Robert Grosseteste’s commentary on the six days of creation, the Hexaemeron, is one of his most extensive and detailed theological works. Composed during his time as bishop of Lincoln, it draws on earlier lectures, notably those on Genesis, and his scientific treatises. In the Hexaemeron Grosseteste provides a powerful definition of theology, arguing that it should not be identified as a science, but in the course of this definition deploying Aristotelian definitions with great skill. The Hexaemeron displays to the full the depth of range of Grosseteste’s reading, and provides, in its commentary on creation, the fulfillment of his earlier work, placing investigation of natural phenomena in the service of exegesis. This paper will explore pertinent themes for Grosseteste’s use of his earlier writing, and the implications of their subsequent interpretation. Nature, Creation and their interpretation by human reason allow Grosseteste wide scope for commentary, all grounded in the proper subject of theology, the unifying work of Christ.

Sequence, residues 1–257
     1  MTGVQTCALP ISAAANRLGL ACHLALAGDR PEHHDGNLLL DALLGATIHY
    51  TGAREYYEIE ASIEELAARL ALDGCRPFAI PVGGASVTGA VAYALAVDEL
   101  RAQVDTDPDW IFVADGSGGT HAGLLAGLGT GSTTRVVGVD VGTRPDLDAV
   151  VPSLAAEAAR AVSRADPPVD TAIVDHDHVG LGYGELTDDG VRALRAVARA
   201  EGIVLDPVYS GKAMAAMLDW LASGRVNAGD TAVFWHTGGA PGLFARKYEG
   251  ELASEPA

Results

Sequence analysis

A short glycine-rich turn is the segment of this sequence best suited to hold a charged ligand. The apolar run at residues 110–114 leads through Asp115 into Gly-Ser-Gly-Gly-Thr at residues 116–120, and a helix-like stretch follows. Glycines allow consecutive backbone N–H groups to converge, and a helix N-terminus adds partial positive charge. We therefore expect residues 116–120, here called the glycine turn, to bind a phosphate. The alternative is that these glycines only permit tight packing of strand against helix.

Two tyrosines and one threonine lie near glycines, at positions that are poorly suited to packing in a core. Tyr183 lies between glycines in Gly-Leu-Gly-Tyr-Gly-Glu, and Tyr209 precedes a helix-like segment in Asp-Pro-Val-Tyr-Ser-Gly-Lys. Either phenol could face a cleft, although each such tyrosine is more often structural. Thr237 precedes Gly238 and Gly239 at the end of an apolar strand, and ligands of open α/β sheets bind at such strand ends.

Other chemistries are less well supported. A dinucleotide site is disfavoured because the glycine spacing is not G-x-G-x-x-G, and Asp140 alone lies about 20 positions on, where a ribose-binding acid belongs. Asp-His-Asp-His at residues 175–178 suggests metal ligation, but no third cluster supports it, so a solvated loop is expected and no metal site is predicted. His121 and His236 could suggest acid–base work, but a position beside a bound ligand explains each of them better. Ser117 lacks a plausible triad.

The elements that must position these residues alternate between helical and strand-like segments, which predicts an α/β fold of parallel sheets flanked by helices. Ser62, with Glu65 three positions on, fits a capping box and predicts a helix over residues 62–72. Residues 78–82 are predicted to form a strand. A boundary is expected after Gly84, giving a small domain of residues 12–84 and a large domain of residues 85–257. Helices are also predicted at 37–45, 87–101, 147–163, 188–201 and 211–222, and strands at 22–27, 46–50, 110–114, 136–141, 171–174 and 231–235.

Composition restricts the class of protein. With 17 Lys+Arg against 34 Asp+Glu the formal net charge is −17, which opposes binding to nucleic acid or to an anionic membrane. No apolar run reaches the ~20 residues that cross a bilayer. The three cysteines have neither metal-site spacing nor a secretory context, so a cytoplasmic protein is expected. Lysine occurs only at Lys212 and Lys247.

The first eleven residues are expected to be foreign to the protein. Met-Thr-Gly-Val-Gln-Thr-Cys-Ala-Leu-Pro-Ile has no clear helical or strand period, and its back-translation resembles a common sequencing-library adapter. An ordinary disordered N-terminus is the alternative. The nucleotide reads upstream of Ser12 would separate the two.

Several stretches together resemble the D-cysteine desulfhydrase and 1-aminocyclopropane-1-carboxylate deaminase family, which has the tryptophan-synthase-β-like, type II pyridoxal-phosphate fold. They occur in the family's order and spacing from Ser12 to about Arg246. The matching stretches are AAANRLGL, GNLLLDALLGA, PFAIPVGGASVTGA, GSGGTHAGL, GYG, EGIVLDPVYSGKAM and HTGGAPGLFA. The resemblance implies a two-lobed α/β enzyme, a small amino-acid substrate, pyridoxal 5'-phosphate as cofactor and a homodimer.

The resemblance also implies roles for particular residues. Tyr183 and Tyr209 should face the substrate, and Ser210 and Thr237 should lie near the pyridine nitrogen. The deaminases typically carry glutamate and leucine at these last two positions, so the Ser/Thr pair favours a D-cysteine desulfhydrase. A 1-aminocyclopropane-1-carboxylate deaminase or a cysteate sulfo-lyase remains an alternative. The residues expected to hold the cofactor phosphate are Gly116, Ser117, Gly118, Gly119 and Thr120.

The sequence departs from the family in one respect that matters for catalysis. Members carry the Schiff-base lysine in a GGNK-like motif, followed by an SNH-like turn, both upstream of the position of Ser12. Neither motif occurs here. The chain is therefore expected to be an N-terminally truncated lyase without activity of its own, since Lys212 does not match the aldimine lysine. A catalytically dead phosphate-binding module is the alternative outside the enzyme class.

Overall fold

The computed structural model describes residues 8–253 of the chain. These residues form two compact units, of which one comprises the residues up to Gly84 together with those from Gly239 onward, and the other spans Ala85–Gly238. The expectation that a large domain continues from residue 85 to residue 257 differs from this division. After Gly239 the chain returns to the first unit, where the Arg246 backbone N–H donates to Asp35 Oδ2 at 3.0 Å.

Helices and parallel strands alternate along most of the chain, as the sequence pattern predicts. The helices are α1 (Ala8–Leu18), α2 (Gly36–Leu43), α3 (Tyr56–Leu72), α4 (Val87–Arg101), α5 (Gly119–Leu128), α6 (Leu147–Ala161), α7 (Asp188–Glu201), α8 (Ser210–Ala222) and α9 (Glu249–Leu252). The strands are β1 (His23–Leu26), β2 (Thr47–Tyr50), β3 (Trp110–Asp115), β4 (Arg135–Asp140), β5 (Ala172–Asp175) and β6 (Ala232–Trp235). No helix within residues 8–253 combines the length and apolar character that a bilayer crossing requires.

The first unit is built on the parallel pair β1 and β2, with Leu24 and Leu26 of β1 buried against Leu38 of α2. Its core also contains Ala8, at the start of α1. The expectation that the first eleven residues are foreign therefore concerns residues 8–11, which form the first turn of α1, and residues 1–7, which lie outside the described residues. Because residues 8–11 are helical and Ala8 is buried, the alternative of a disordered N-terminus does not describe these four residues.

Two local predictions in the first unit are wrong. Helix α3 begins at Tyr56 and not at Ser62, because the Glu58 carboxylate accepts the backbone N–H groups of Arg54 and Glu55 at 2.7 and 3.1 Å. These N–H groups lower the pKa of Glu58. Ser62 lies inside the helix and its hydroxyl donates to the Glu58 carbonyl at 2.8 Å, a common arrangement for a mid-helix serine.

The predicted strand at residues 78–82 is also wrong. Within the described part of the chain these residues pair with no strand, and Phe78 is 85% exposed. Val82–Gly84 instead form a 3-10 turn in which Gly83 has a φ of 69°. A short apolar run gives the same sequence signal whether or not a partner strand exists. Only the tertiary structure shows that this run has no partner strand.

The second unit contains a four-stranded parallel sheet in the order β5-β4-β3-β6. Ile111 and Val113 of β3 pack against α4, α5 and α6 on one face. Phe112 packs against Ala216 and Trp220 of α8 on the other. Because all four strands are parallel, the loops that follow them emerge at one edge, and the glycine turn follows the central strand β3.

Gasper, G. E. (2016). The Fulfillment of Science: Nature, Creation and Man in the Hexaemeron of Robert Grosseteste. In J. P. Cunningham, & M. Hocknull (Eds.), Robert Grosseteste and the pursuit of religious and scientific learning in the Middle-Ages (221-242). Springer Verlag. https://doi.org/10.1007/978-3-319-33468-4_12